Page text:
Talk to your GP
Your regular GP may be able to help you directly or refer you to another health professional. You may find it easier to speak with a GP who knows you and your history, however some may find that they prefer not to speak with their regular GP for the same reasons.
If you can, keep in touch with a trusted GP to ensure that your health is taken care of. Grieving can be very physically taxing and at times so consuming that it can be hard to remember to take care of yourself the way you had in the past.
Find a Counsellor
A helpful method is to see a health professional such as a counsellor. You may find it easier talking to a counsellor, as they offer a neutral opinion based off how you are feeling and talk about methods that may help your specific scenario.
As suicide grief is a different and more complex form of grief, it can be beneficial to find someone who has specific experience in this area.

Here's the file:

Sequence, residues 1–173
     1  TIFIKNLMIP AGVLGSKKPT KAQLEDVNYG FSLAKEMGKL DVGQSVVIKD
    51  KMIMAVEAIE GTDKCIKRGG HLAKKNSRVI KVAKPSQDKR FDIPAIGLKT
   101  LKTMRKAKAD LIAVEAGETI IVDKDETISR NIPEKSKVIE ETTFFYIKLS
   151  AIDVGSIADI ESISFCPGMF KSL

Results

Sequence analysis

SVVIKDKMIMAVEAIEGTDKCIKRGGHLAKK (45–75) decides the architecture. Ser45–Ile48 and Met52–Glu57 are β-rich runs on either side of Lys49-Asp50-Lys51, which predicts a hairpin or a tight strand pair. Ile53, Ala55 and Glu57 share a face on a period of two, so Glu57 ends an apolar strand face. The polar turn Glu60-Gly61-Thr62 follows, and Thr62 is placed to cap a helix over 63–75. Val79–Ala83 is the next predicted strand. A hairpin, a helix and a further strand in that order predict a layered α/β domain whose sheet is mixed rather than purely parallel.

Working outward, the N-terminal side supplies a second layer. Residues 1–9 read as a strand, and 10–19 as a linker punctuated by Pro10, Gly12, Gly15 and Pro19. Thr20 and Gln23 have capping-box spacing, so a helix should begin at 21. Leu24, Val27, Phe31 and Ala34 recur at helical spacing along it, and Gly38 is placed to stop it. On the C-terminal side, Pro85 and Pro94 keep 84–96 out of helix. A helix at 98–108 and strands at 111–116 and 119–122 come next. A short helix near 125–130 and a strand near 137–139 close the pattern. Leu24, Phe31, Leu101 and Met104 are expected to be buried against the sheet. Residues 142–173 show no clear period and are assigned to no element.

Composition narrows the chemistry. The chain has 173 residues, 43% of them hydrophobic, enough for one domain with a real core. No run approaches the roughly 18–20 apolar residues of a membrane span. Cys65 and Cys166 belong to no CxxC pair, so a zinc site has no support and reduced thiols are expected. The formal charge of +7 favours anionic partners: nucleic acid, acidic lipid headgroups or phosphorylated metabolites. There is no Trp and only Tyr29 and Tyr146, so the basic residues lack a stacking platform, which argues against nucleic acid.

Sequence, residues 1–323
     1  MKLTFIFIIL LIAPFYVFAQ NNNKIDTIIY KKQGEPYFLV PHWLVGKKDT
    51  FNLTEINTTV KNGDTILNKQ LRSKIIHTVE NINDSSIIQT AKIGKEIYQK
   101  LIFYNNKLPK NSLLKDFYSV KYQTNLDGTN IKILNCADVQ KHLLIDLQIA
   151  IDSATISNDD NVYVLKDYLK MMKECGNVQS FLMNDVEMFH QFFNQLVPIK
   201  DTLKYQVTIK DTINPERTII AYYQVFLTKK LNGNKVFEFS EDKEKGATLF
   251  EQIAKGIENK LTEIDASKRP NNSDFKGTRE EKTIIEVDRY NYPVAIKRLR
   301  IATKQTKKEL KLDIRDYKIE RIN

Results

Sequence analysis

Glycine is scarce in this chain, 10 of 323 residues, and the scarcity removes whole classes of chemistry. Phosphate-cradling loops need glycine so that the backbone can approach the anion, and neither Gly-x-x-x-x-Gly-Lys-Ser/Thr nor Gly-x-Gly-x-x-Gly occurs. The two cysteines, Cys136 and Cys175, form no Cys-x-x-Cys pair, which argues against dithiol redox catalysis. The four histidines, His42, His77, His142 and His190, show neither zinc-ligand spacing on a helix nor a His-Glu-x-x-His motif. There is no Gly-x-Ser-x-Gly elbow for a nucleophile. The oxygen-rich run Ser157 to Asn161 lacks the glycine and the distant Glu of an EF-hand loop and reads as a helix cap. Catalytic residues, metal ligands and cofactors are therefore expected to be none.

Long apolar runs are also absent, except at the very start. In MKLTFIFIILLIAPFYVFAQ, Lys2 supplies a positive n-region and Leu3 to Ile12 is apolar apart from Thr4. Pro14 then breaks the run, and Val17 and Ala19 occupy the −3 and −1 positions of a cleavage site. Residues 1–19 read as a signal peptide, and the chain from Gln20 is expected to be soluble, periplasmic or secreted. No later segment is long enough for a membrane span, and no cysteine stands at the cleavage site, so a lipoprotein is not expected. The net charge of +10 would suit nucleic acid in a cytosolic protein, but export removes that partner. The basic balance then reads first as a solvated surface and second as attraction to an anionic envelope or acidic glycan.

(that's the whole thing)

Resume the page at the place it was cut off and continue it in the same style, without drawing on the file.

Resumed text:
Find a Registered Psychologist
The Australian Psychological Society’s Find a Psychologist service may help you find a psychologist to suit your needs. Referrals are drawn from their database of more than 2,600 APS registered psychologists around Australia, covering every state and territory.
Something to keep in mind when finding a psychologist is your living proximity to their office. Travel can be challenging when you are feeling distressed, so if possible, try to find someone who is easy for you to travel to.
Visit a Walk-In Service
Headspace, Australia’s National Youth Mental Health Foundation provides a walk-in service for those aged 12-25. Headspace has a number of centres across Australia, with psychologists, social workers and other health professionals available on site. To find your nearest centre, use the service locator on their website.